The Raspberry Pi sort of kicked off a revolution in low-power, barebones mini-computers. But the Raspberry Pi is a really low-power device with a 700 MHz ARM11 processor.
Over the past few years we’ve seen a number of other options with more powerful hardware. The Gizmo 2 is one of the latest… and it’s one of the few to sport an AMD processor with support for Windows Embedded, Linux, or other operating systems.
You can buy the Gizmo 2 from Element14 for $199.
This little computer is positioned as a device for developers looking to build platforms for digital signage, set-top-boxes, game systems, point-of-sales machines, thin clients, or other applications. You can probably use it to build a low-power home computer, but that’s not really what it’s designed for.
The Gizmo 2 comes from the same folks who brought us last year’s Gizmo Explorer Kit. The new model is about the same size, but has a more powerful processor, USB 3.0 support, and a few other improvements.
Specs include a 1 GHz AMD GX-210HA dual-core processor, AMD Radeon HD 8210E graphics, 1GB of RAM, HDMI output, a microSD card slot, mSATA connector, Gigabit Ethernet, 3 USB 3.0 and 2 USB 2.0 connectors, and additional USB headers as well as GPIO, SPI, UART, and other developer pins.
looks like a signage box… hopefully it has better graphics than Intel’s offerings. Looks like a portable hard-disk could be connected, to allow it to show many different advertisements (image and videos).
Any chance that Beema will make its way into products with embedded procs like this?
No comments on the screaming little fan? That was the first thing I saw and looking very dated in this age of fanless designs.
USB – 2 (!) x USB 3.0 ports, 2x USB 2.0 host ports, 4x extra USB ports available via headers.
Nvidia’s TK1 is a quad core, 192 GPU cores (Cuda Processing) for 192 dollars. ATI’s offering is weak.
TK1 is ARM. This is x86.. Big difference.
Still Weak, My 250 dollar laptop has better specs then that. Windows / Linux on 1 gig of ram / Dual core? Pssssssssss! Your big difference = slow. Sorry ARM / Cuda is still got it beat.
Good luck running closed source software that’s only compiled for x86 on an ARM box.
Seems like a decent board, if you are wanting to use it for development, and you need the GPIO, UART, etc.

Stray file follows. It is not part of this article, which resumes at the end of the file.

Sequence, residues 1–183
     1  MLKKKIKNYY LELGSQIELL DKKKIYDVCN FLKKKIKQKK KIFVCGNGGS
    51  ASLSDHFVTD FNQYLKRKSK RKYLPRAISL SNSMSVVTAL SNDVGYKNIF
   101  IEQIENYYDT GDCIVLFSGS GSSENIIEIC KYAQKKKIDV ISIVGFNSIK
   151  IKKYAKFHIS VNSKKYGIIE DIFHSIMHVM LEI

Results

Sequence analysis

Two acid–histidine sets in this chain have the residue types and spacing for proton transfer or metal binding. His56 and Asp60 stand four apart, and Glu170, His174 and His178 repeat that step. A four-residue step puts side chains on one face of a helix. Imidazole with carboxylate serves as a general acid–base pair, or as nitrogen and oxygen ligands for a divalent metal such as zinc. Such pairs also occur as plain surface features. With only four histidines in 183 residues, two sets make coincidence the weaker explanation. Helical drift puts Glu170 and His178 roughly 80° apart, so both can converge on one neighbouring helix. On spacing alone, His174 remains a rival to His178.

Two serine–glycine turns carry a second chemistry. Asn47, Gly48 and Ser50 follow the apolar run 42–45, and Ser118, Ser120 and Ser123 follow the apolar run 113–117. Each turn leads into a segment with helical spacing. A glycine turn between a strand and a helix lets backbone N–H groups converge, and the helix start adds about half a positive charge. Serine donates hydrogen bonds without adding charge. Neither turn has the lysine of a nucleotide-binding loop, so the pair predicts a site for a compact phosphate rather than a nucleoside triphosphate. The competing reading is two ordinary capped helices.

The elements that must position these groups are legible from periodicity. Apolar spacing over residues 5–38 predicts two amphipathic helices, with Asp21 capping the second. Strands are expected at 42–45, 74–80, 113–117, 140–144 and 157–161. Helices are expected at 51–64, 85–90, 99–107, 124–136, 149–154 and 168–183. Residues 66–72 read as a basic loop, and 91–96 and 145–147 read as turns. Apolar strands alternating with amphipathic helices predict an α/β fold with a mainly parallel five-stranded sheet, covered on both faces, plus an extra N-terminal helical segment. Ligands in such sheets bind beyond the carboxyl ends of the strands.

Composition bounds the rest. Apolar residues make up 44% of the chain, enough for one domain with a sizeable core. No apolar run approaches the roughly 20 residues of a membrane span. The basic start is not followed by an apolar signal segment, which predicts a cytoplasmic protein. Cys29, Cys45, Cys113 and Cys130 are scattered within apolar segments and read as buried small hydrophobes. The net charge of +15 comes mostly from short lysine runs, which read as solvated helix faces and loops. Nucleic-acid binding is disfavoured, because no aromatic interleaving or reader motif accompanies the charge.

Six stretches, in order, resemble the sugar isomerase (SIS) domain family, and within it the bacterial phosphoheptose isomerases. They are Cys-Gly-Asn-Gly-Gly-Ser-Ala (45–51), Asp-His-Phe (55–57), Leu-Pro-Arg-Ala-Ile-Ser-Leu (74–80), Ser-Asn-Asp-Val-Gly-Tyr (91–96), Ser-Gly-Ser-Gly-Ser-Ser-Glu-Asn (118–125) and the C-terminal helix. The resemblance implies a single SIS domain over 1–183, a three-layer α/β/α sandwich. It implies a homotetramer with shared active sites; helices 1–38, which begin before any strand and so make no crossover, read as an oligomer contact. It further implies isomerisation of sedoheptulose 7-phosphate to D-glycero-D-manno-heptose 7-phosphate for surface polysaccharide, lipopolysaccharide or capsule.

But out of all the 7 or 8 possible uses quoted for this device, a Celeron NUC would be better for almost all of them.
You would have to absolutely require a GPIO pinout, AND an x86 chip for this board to make any sense at all.
brad come on man, RPi kicked it off? really? try beagleboard!
I’m not sure the lineage is important — one can always find an earlier, related gadget to carry the “first of its kind” banner. RPi sold a huge number of units (3.8M as of last month, according to Wikipedia) and built a substantial community around it. And of course they put a big emphasis on education.
This seems a bit expensive, considering the Lenovo ideaCentre Q190 sales for $50 more (or $50 less with the recent discount). The Q190 has 4GB of memory, a 500GB hard drive, and a windows 8.1 license. Adding those features to the Gizmo 2, at retail prices, would cost around $200. That’s quite a premium for Radeon graphics.
Read the article:
“You can probably use it to build a low-power home computer, but that’s not really what it’s designed for.”
Also this is way smaller than the Q190 taken apart. Q190 doesn’t have GPIO either.
As i saw todey the meegopad windows windows tv stick with (witch was described some time ago) price of 140$ will be available on 12.12.14 i’m wondering is it worth it. The concept of a thumbdribe pc i so cool.
They also released the Meego p01 https://tinyurl.com/ppys7fl which is the better, all round choice with 4 usb ports, rj45 and a propper 5dbi antenna for the internal wifi, for only $125 as opposed to the Meego t01 for$99 which is small… but maybe to small.
Thanks for the info. The funny part is-how about heat on meego t01 becouse the p01 is quite big in comparition to the t01. nevertheless i think that there is a place in the market for such small tv pc’s.
Wow, all those GPIO pins off the back of the board do make it like a super-RPi… it almost looks like it was designed to be slotted into some kind of larger board for making clusters…
If there was a way to bump up that RAM it looks like maybe it could be a decent little runner for basic stuff.
Comments are closed.